State Attorney General Refuses to Defend State Law

Officials with the Thomas More Law Society have filed a motion to intervene on behalf of Traverse County’s county attorney, Matthew Franzese, in an argument over an abortion law.

It’s because Minnesota Attorney General Keith Ellison, who supports radical abortion policies, is refusing to “do the job” he’s appointed to do.

Explained the legal team, “Franzese is stepping up and petitioning to intervene in a lawsuit brought by an anonymous abortionist against the state,” and plans to do the work Ellison has a “legal obligation” to do.

In July, Ramsey County Judge Thomas Gilligan overturned Minnesota’s abortion regulations, including a mandatory 24-hour waiting period, a requirement that both parents be notified before a minor can get an abortion, and the law dictating that only physicians can perform abortions.

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Ellison said then, as attorney general, he would not go to court to protect a duly adopted state law, because, he claimed, his decision was in the “public interest.”

Thomas More Society Special Counsel Erick Kaardal explained, “Ellison, a known supporter of abortion, has allowed an abortionist, and another abortion worker – both of whom have who have concealed their identity – along with an abortion advocacy group and transgender proponents, to attempt to strip away Minnesota’s protective oversight and eliminate any regulation of abortion.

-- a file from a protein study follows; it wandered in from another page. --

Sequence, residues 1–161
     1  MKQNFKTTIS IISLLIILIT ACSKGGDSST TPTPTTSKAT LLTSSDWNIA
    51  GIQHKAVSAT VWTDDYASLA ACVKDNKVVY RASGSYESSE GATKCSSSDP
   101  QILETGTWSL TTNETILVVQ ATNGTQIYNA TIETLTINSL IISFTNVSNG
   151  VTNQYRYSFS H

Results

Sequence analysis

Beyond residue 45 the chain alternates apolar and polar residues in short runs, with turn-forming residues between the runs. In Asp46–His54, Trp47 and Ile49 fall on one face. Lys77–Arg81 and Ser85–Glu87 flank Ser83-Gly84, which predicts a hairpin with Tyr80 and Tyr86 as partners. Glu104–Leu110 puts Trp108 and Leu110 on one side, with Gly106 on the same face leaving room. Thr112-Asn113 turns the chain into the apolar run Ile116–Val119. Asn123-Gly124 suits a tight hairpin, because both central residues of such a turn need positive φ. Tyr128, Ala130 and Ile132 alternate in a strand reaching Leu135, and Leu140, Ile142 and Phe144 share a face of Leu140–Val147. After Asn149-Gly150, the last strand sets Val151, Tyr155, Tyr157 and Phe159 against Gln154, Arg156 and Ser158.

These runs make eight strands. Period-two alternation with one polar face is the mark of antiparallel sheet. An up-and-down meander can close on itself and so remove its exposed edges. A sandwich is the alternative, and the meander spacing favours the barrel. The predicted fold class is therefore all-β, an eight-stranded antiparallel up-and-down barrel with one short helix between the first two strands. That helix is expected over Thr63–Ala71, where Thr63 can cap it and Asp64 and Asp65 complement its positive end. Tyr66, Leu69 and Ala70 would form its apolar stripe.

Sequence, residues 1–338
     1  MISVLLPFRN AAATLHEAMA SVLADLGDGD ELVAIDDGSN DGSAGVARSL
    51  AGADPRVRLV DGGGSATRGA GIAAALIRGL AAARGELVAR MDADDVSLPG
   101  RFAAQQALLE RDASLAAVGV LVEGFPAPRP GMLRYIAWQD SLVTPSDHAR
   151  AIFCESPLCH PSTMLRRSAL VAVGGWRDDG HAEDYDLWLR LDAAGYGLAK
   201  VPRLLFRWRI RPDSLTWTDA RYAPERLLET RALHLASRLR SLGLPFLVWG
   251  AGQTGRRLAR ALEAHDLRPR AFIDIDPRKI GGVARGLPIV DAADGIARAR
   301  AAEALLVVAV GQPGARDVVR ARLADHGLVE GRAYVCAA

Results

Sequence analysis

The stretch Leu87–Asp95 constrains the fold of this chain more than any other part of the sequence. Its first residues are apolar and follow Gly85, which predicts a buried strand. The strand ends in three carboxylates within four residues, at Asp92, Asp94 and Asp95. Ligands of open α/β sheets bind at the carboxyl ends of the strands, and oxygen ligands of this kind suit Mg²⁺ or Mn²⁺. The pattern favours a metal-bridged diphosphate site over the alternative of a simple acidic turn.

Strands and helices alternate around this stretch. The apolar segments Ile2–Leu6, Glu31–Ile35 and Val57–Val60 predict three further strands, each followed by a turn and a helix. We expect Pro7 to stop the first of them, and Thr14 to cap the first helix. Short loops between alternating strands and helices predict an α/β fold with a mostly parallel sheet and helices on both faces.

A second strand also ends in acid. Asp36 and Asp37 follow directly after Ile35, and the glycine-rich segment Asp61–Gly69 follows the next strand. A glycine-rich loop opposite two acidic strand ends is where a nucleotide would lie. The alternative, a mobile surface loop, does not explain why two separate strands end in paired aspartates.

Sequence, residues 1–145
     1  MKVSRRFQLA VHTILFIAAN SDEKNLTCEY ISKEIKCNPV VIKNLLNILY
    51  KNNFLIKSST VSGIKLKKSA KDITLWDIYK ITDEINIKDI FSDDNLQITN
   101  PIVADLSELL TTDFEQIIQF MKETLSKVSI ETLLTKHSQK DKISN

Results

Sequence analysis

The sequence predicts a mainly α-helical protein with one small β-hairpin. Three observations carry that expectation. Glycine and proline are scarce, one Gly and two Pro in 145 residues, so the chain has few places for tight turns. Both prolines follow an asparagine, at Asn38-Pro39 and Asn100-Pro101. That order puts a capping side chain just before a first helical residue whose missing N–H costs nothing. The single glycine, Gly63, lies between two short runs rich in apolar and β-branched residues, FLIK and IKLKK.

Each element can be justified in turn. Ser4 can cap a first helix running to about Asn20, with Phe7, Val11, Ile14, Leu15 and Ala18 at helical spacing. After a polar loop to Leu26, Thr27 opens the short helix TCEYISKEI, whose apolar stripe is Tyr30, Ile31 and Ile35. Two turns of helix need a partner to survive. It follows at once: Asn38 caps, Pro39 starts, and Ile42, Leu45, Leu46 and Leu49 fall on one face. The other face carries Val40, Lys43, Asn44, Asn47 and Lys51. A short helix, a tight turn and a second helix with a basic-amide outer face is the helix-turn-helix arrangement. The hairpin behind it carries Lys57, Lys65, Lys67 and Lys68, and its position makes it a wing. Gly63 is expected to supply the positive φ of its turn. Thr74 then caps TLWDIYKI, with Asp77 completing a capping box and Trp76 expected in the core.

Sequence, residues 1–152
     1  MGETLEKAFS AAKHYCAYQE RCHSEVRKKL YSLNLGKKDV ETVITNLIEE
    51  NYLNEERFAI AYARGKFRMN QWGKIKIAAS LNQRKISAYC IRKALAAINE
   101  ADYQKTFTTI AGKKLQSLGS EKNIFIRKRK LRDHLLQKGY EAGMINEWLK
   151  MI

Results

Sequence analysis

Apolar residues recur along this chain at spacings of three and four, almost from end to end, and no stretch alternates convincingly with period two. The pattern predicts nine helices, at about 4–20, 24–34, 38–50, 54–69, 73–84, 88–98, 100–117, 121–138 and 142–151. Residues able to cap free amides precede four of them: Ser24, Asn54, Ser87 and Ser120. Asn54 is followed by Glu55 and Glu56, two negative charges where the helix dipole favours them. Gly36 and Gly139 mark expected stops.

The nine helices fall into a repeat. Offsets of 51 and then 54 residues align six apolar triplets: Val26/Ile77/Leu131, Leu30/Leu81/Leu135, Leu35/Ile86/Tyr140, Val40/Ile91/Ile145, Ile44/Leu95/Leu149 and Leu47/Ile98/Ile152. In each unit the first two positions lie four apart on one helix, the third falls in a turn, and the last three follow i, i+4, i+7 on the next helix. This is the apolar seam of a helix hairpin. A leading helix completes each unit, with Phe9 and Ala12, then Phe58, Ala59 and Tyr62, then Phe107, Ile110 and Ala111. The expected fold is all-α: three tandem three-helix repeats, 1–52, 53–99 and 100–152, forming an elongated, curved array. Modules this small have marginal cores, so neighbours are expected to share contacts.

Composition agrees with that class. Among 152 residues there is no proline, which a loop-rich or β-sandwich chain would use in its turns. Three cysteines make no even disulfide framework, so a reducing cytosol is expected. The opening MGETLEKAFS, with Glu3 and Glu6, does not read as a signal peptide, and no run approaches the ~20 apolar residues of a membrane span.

“This is something that the Minnesota constitution prohibits them from doing. And Ellison has chosen to allow them to do this without mounting a reasonable defense. Ellison has publicly committed to ‘defend the laws of the state of Minnesota,’ without regard for his own personal opinions. And now, in an unconscionable move, the Minnesota attorney general is refusing to appeal a decision that strikes down laws enacted by the legislature as the will of the people.”

Ellison’s refusal to perform the duties of his position has left other officials in the state in limbo.

Franzese explained Ellison’s position as left his own obligation as county attorney uncertain.

The motion notes that the Ramsey County District Court’s decision of July 11, 2022, is “merely the law of this case” and has “no precedential value beyond Ramsey County.”

The focus of the filing is that Franzese explains he should have the right to decide, for his own county, to apply state laws – and that a decision in another county should have no impact.

Kaardal said, “Minnesota has laws on the books that are designed to protect women. The unidentified abortionist and her colleagues cannot sue the state in this matter, as dictated by Minnesota’s constitution, because the laws exist, and they have not been charged with violating those laws. Very simply, in Minnesota, if you do not like a law, you cannot sue to eliminate that law unless you have been charged with violating it. If that law has been used against you, then and only then, do you have a private cause of action that entitles you to sue. While Minnesota’s attorney general represented the state in this lawsuit, his defense against this challenge was superficial, and did not utilize this obvious – and often used by his office – constitutional argument.”

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